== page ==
Elementary Possessive Adjectives.
It began as a sustainable technology project for a group of students, but now the solar bottle bulb is brightening the darkest corners of the world.
Text by: Brittaney Carter Country: Philippines
he residents of Sitio Maligaya, Philippines, spend as much time as they can outdoors. To foreigners, they may just look like day laborers, keeping busy with everything that needs to be done before the sun sets. But the truth is they spend so much time outside because their homes are dark.
In this small community, most homes have no electricity or light. On a larger scale, 3 million Philippine homes are just like those in Sitio Maligaya, cloaked in darkness 24 hours a day. In the Southeast Asian island nation, where electricity is available but expensive, many families have to go without it in order to reduce household expenses. And their hardships are made even more insurmountable by the fact that homes that do have electricity often face an increased risk of fire due to improper wiring.
However, a group of students at the Massachusetts Institute of Technology saw the plight of families in the Philippines as a challenge. How could they create a sustainable lighting source with simple materials and without the use of electricity? They answered the challenge with the solar bottle bulb.
The idea is a basic one: clean a liter-sized plastic bottle, and then add water with two capfuls of bleach. The bottle is then fitted snugly into a square-shaped piece of corrugated metal that will provide coverage over a roughly-cut hole in the roof of a house.
The water in the bottle will attract sunlight and refract its rays, redistributing the light throughout the room. Because the bleach can prevent algae from building up in the water, one solar bottle can be as illuminating as a 50-watt light bulb and last as long as five years.
“This is a really unique product because essentially it works when the sun is shining. There is a specific kind of slum dwelling that has essentially no windows, and anything that can bring a little light into one of these dwellings is welcome,” explained John Barrie, Executive Director of the Appropriate Technologies Collaborative.
Its technological genius lies in its simplicity, and the solar bottle bulb could mean the difference between daytime and darkness in areas that do not have access to safe and affordable electricity. In fact, once MIT students introduced the solar bottle bulb, the MyShelter Foundation in the Philippines used the technology to light homes all over the country. They named the lighting project Isang Litrong Liwanag, which means “A Liter of Light” in Tagalog. Isang Litrong Liwanag has stated that its mission is to light at least one million homes by the year 2012.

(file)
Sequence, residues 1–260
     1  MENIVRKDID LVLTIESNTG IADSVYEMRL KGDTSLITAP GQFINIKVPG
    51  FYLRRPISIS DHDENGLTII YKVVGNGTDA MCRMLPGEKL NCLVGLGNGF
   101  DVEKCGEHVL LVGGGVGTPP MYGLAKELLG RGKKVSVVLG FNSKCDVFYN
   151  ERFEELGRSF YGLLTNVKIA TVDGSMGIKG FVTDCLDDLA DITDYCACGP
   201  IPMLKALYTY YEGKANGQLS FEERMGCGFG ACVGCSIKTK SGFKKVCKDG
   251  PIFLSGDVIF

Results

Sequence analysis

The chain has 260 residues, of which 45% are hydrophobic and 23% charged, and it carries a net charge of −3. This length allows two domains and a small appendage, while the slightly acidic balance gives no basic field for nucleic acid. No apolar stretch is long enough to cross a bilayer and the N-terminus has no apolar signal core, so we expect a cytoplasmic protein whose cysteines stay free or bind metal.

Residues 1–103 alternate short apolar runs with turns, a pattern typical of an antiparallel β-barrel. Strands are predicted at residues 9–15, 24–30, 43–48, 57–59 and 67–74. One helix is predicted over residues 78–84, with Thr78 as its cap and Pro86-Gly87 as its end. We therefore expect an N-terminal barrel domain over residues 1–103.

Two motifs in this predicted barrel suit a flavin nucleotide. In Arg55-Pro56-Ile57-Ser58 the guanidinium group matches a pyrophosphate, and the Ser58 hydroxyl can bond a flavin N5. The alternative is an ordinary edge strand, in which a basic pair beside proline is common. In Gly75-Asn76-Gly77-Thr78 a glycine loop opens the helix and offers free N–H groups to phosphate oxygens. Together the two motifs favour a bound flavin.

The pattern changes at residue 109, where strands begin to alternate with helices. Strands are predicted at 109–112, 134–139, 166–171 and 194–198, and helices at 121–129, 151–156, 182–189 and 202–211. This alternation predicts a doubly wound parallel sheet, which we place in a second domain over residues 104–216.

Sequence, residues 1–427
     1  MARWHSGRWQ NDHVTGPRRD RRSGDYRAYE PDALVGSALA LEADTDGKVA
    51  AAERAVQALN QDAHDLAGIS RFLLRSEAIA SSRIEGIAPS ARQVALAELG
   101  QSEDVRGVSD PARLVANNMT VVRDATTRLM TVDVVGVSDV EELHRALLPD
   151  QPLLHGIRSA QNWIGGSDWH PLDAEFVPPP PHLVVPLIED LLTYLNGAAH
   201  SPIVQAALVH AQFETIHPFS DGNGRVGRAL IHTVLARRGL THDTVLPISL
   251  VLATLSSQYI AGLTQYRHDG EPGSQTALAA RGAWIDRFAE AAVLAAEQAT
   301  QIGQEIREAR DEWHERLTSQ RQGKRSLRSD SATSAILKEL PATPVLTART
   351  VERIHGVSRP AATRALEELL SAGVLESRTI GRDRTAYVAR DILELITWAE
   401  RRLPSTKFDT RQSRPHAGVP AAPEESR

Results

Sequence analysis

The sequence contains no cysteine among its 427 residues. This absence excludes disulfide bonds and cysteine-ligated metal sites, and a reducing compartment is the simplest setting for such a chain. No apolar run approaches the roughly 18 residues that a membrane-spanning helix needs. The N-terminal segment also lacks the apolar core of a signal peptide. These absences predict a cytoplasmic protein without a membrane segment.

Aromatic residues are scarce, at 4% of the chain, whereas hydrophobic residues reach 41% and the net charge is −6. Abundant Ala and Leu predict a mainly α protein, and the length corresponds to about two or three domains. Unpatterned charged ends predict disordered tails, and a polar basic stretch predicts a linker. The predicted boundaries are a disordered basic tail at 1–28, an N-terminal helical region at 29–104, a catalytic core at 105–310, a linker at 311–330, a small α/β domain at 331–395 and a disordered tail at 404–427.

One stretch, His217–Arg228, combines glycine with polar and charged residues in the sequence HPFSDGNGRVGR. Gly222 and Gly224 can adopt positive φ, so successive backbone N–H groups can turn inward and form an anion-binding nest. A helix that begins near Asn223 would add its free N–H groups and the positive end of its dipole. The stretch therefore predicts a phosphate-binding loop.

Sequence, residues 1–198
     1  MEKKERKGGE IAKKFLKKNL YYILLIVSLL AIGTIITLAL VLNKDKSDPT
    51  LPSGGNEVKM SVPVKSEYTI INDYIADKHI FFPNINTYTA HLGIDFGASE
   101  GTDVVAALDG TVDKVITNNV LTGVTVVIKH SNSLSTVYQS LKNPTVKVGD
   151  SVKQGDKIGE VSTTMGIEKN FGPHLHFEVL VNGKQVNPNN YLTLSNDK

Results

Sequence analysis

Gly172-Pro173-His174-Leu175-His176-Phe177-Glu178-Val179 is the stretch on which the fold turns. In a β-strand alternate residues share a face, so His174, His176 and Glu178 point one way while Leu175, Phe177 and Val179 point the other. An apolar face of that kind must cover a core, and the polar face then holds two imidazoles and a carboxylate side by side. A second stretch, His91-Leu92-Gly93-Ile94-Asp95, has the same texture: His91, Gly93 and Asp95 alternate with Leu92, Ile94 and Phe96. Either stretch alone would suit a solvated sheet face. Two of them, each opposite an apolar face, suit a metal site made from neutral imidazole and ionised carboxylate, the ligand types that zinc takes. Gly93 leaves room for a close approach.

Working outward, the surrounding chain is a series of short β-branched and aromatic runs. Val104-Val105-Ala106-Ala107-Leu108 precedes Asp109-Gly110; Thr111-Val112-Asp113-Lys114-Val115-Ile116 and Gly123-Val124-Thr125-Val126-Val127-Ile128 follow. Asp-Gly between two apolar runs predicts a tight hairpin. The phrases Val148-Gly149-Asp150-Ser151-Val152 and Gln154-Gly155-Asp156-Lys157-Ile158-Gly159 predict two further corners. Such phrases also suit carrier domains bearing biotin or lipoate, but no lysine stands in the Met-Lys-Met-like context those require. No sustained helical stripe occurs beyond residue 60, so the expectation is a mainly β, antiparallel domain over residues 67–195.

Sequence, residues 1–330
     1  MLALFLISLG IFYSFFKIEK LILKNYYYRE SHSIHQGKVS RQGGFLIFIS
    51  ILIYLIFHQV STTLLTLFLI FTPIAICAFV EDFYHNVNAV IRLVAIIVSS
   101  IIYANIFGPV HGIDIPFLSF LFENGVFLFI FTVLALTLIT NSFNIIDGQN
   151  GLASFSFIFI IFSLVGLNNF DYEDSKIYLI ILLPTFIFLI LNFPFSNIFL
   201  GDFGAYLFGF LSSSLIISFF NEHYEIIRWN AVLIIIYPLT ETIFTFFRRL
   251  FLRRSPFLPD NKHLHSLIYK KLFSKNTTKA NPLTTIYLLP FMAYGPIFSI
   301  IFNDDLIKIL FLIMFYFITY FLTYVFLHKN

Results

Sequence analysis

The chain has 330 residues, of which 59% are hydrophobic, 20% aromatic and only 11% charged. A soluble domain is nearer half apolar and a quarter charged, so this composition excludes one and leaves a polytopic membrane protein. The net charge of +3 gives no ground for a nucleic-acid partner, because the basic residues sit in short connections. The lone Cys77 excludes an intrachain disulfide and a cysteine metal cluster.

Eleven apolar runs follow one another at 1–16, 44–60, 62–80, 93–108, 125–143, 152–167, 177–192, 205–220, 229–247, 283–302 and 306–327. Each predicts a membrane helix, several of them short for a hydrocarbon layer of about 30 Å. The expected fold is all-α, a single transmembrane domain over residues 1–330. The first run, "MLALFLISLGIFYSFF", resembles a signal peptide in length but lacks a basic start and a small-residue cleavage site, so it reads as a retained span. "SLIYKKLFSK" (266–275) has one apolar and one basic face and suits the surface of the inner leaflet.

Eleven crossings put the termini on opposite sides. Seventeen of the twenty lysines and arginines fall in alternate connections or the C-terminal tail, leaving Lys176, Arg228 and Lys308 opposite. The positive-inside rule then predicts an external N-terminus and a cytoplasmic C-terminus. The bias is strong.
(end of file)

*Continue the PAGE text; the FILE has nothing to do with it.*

As a cost-effective alternative to electricity, the solar bottle only costs about two dollars to make and a few minutes to install. In addition to its immediate effects for lighting in the developing areas, it also presents an opportunity for economic empowerment. “The bottles are a free resource, and the corrugated metal and caulk is all you need,” Barrie added. “Someone could provide this at a relatively low cost, and people can make a little bit of money.”
Another appealing aspect of this solution to affordable lighting is the fact that they are easy to replicate. Solar bottle bulbs do not require factory-made parts that will be difficult to maintain, and making the bottle is a process that almost anyone can learn to do. One particular video, produced by Isang Litrong Liwanag, continues to be re-posted in online communities because it demonstrates step-by-step how to make a solar bottle.
“It’s actually being done by people in the field,” said Barrie. “You can get YouTube anywhere on the planet, and you don’t even have to speak Portuguese to understand the gentleman in the video who is explaining how to do it.”
Overall, the solar bulb’s greatest impact may be what it represents–a changing global community where even the economically disadvantaged can access the tools they need to help one another. As Barrie explained, “The beauty of it is that people are starting to solve their own problems. It’s creating a net public good through social media.”